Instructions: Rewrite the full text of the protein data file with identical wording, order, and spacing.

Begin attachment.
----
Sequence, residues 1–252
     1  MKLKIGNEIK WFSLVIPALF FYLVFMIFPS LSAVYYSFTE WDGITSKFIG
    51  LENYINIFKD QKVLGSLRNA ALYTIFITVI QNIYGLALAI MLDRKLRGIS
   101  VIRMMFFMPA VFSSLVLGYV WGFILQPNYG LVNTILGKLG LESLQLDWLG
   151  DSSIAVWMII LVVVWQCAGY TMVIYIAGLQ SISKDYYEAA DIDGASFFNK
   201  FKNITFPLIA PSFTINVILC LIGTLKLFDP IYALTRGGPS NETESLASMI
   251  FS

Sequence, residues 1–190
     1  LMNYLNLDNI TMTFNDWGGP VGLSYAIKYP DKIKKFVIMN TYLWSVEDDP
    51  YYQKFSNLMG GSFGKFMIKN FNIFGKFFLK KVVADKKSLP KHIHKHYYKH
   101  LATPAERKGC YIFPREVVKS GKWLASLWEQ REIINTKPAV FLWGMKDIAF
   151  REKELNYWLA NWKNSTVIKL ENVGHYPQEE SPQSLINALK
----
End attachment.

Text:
Sequence, residues 1–252
     1  MKLKIGNEIK WFSLVIPALF FYLVFMIFPS LSAVYYSFTE WDGITSKFIG
    51  LENYINIFKD QKVLGSLRNA ALYTIFITVI QNIYGLALAI MLDRKLRGIS
   101  VIRMMFFMPA VFSSLVLGYV WGFILQPNYG LVNTILGKLG LESLQLDWLG
   151  DSSIAVWMII LVVVWQCAGY TMVIYIAGLQ SISKDYYEAA DIDGASFFNK
   201  FKNITFPLIA PSFTINVILC LIGTLKLFDP IYALTRGGPS NETESLASMI
   251  FS

Sequence, residues 1–190
     1  LMNYLNLDNI TMTFNDWGGP VGLSYAIKYP DKIKKFVIMN TYLWSVEDDP
    51  YYQKFSNLMG GSFGKFMIKN FNIFGKFFLK KVVADKKSLP KHIHKHYYKH
   101  LATPAERKGC YIFPREVVKS GKWLASLWEQ REIINTKPAV FLWGMKDIAF
   151  REKELNYWLA NWKNSTVIKL ENVGHYPQEE SPQSLINALK